A CSF culture positive for salmonella spp. should raise the suspicion of severe immune suppression resulting from HIV infection or advanced cancer [68]. This infection bears a high mortality, while relapses may occur [9, 10].

Consent

Written informed consent was obtained from patient's relatives for publication of this case report

List of abbreviations

C/T: 

computerized tomography

CSF: 

cerebrospinal fluid

GCS: 

Glasgow Coma Scale

WBC: 

white blood count.

Declarations

Acknowledgements

We thank the patients' relatives for their consent to publish this case report.

Authors’ Affiliations

(1)
Red Cross Hospital of Athens Korgialeneio-Benakeio, Intensive Care Unit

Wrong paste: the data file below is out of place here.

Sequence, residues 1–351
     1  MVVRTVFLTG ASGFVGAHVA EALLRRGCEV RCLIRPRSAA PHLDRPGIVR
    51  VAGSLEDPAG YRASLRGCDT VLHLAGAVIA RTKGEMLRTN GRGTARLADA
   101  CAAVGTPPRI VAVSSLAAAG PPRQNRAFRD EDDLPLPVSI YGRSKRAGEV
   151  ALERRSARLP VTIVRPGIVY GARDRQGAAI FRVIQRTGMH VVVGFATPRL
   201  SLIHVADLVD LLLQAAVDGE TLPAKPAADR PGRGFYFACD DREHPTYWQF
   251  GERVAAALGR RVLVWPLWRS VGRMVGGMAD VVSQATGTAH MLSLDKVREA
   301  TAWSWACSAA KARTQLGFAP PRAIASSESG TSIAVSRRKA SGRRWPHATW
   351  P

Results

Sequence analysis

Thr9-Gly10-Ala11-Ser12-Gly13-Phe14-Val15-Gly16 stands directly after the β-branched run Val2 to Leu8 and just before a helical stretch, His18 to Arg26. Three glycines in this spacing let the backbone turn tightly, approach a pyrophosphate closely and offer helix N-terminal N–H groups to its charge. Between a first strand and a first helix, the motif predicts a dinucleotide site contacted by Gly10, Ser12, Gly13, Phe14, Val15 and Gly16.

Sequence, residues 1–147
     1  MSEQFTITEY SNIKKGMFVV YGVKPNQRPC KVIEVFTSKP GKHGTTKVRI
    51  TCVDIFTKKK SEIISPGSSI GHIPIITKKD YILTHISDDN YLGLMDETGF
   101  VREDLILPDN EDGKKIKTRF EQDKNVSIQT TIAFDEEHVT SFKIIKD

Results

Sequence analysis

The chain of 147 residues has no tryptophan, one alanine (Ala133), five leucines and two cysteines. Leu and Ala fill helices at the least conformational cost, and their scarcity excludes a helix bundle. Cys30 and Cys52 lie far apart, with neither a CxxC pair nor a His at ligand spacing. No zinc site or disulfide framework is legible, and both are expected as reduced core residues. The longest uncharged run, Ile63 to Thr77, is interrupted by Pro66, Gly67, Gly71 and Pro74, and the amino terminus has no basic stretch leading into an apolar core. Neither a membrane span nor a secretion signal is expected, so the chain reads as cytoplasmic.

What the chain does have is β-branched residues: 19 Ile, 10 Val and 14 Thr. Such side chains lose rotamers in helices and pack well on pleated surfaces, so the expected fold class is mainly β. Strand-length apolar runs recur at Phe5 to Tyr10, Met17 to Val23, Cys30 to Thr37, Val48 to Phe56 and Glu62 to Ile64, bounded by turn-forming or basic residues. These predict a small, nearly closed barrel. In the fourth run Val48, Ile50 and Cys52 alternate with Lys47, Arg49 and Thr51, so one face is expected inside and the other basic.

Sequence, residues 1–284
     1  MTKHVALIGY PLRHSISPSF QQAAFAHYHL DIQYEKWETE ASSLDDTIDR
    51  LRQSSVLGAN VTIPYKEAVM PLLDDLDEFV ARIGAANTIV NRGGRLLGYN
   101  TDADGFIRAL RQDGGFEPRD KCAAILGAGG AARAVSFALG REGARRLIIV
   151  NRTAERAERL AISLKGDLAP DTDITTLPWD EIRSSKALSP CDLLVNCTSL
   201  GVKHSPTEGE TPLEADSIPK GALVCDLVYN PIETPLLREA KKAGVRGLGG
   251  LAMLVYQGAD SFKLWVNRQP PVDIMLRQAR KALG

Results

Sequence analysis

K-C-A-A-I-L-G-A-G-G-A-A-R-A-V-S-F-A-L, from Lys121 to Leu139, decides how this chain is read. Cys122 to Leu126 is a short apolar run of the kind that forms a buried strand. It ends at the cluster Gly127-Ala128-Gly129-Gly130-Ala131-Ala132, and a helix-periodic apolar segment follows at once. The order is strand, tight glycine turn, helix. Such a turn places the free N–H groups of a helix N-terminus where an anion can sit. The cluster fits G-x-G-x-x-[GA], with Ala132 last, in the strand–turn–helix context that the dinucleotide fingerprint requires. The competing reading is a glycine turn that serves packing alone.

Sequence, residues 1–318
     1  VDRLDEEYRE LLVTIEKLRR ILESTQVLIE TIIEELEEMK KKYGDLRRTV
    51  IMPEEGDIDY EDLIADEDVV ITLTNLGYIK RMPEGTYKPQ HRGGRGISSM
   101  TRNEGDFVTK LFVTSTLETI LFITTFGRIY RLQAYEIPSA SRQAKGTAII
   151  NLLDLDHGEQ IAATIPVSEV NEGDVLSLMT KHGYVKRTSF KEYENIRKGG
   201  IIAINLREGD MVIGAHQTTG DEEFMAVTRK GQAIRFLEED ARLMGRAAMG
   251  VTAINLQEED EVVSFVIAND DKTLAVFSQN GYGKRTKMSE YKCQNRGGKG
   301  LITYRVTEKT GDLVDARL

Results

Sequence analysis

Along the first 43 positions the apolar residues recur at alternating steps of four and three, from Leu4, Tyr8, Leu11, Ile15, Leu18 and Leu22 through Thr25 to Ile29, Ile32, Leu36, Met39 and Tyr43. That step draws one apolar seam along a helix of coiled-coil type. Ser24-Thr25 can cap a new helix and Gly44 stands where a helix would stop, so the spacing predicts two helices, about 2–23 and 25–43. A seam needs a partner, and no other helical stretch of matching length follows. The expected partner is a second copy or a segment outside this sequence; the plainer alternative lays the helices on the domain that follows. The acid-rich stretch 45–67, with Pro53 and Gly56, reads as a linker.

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Copyright

© Katsenos et al; licensee BioMed Central Ltd. 2008

This article is published under license to BioMed Central Ltd. This is an Open Access article distributed under the terms of the Creative Commons Attribution License (http://creativecommons.org/licenses/by/2.0), which permits unrestricted use, distribution, and reproduction in any medium, provided the original work is properly cited.